Elon Musk plays down ‘pedo guy’ tweet as Thai rescue defamation case opens
Tesla boss meant comment to diver as generic insult, court hears
Tesla chief executive Elon Musk will have to go before a federal jury and defend calling a British caver a “pedo guy.” Photograph: Bloomberg
It all boils down to what, exactly, Elon Musk meant when he called a British cave explorer “pedo guy.” In a Los Angeles court on Tuesday, Mr Musk and his legal team sought to play down that remark, saying he wrote it on Twitter last year in the heat of the moment after the explorer, Vernon Unsworth, colourfully dismissed his attempts to help rescue a group of trapped children in Thailand.
Lawyers for Mr Unsworth, however, argued that Mr Musk, billionaire chief executive of Tesla, was using his platform to damage the explorer’s reputation and paint him as a paedophile.
Those were among the opening volleys in the trial of Mr Unsworth’s defamation suit against Mr Musk.
In his opening statement, Mr Musk’s lawyer, Alex Spiro, characterised “pedo guy” as a generic insult and an expression from Mr Musk’s youth in South Africa. “These are joking talking tweets in a fight between men,” Mr Spiro said.
Mr Musk added in his testimony: “‘Pedo guy’ is used in other countries also. It’s quite common in the English-speaking world. I’m quite confident if you do a search, it will just say ‘creepy old dude’.”
Mr Unsworth’s lawyer, Lin Wood, aiming to show that Mr Musk had instead implied that Mr Unsworth was a paedophile, cited a tweet in which Mr Musk wrote, “Bet you a signed dollar that it’s true.” Mr Musk countered on the stand that “if I really thought it was true, I would have sent more than a dollar.”
He said he didn’t know if the statement that Mr Unsworth was a paedophile was “true or false” and added: “I also did not literally mean that he was a paedophile. I meant he was a creep.”
The trial stems from a war of words that took place between the two men in the summer of 2018 as they raced to offer assistance to a youth soccer team that had been trapped by rising waters in a cave in Thailand, an ordeal that transfixed the world.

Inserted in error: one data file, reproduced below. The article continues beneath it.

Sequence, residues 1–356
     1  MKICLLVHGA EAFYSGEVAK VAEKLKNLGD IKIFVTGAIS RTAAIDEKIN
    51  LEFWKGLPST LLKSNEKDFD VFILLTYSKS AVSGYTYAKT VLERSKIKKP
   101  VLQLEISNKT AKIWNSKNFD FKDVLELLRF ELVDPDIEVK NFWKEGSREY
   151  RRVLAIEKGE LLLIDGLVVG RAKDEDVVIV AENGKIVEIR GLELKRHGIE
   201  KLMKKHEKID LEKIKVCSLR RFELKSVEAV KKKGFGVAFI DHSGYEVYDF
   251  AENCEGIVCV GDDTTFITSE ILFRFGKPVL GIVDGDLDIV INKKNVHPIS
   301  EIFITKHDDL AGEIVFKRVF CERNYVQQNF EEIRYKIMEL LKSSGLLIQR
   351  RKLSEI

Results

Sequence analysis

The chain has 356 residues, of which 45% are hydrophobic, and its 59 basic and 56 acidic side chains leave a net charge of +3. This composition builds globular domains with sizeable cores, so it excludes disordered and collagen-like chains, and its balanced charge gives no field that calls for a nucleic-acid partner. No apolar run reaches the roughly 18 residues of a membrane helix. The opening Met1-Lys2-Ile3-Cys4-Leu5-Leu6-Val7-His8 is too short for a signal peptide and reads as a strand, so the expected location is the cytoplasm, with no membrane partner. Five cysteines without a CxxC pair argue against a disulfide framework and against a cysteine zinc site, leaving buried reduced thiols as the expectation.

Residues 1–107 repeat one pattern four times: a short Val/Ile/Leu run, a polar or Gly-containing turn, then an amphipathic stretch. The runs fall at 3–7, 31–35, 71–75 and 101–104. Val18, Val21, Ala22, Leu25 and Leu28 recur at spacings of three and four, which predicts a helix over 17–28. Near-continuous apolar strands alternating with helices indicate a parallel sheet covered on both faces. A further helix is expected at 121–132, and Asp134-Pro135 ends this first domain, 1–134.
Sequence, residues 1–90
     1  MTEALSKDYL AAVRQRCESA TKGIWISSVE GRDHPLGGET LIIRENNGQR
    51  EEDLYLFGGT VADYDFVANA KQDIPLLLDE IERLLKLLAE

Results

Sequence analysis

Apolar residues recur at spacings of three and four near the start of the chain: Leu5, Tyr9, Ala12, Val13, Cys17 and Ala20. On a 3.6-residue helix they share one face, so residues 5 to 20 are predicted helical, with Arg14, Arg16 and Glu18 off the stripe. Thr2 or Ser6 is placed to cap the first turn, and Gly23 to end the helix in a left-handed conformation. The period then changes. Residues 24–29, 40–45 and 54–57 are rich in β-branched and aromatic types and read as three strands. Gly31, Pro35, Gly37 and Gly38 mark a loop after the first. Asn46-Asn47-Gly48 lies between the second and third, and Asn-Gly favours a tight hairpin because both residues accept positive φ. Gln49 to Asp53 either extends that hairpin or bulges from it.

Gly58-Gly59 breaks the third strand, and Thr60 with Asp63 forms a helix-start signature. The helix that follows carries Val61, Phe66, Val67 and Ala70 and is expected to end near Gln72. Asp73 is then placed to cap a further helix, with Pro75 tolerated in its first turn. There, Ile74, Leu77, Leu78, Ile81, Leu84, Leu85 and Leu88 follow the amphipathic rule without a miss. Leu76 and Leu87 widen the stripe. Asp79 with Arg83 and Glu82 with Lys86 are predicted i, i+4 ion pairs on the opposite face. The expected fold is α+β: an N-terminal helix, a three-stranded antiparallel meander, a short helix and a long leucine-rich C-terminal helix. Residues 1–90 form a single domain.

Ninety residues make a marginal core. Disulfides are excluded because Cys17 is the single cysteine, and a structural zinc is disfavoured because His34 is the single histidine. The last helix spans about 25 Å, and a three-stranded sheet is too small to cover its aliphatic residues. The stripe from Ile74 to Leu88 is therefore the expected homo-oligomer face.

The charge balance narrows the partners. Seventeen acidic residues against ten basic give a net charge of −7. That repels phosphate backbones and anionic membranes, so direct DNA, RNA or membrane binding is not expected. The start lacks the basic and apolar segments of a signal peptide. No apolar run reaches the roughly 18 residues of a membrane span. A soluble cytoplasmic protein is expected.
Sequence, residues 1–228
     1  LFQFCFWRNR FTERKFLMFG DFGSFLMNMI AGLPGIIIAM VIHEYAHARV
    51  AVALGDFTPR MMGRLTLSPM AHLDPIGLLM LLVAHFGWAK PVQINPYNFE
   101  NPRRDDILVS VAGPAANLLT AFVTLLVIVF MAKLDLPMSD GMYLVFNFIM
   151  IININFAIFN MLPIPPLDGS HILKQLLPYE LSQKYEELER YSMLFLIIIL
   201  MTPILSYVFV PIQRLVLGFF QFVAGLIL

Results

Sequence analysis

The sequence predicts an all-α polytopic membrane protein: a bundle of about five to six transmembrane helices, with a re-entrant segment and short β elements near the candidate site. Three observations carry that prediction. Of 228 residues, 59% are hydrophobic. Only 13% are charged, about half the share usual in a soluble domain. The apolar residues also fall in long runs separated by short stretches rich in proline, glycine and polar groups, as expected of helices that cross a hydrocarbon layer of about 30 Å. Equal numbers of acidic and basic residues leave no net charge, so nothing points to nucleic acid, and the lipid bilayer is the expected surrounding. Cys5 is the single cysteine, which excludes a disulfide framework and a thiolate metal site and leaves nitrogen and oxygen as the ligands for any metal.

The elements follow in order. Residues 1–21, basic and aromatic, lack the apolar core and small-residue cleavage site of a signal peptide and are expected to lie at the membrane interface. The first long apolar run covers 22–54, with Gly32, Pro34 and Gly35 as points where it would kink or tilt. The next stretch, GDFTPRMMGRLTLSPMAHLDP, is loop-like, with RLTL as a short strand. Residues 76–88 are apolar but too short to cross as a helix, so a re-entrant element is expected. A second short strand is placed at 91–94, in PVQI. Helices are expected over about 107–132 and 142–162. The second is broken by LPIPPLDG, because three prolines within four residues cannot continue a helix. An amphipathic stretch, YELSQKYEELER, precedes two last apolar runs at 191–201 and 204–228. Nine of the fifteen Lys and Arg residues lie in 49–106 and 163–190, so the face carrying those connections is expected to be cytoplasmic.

Mr Unsworth, who said in court documents that he had been exploring that cave system for six years, quickly became involved in the rescue effort. Soon after, Mr Musk sent a team of engineers from the companies he leads, including Tesla, SpaceX and the Boring Co, to help as well.
At the time, Mr Musk suggested the use of a small submarine, which Mr Unsworth brushed off in a CNN interview, saying Mr Musk could “stick his submarine where it hurts”. Mr Musk fired back in a series of angry tweets, referring to Mr Unsworth as “pedo guy.” He later deleted the tweets, explaining that they were issued “in anger after Mr Unsworth said several untruths & suggested I engage in a sexual act with the mini-sub”.
Mr Musk passionately engages with fans and critics alike on Twitter, where he has 29.8 million followers. But tweets have backfired on him in the past. Last autumn, for example, he was replaced as chairman of the Tesla board as part of a settlement with the Securities and Exchange Commission over a tweet in which he said the company had the funding to go private.
And despite deleting the offending tweets about Mr Unsworth, Mr Musk continued to attack him using information from a private investigator who had contacted Mr Musk to suggest that the explorer had “skeletons in his cupboard”, the billionaire’s lawyers said in a September court filing.
According to that document, Mr Musk paid the investigator $50,000 (€45,157) to look into Mr Unsworth. Mr Musk then relayed some of what the investigator had told him to a BuzzFeed News reporter, accusing Mr Unsworth of having a 12-year-old bride, a claim that Mr Unsworth has denied.
BuzzFeed later reported that the investigator had been convicted of fraud and spent 18 months in a British prison for stealing hundreds of thousands of dollars from a business he co-founded.
In a court filing on Monday, Mr Musk’s lawyers appeared to lay the groundwork for a First Amendment defence, arguing that the jury should be instructed to determine whether Mr Musk’s words qualified as statements of fact or merely opinion. The lawyers also argued that Mr Unsworth is a public figure rather than a private one, a distinction that would make it more difficult to prove defamation. The judge had already said last month that Mr Unsworth is a private figure.
Neither Tesla nor SpaceX responded to requests for comment, and Mr Spiro declined to comment. On the stand on Tuesday, Mr Musk lamented the turn of events.
“It should’ve just been ‘Here’s a rescue, and that’s great’,” he testified. He added, “I apologised, deleted the tweets, and I apologise again to Mr Unsworth.” – New York Times service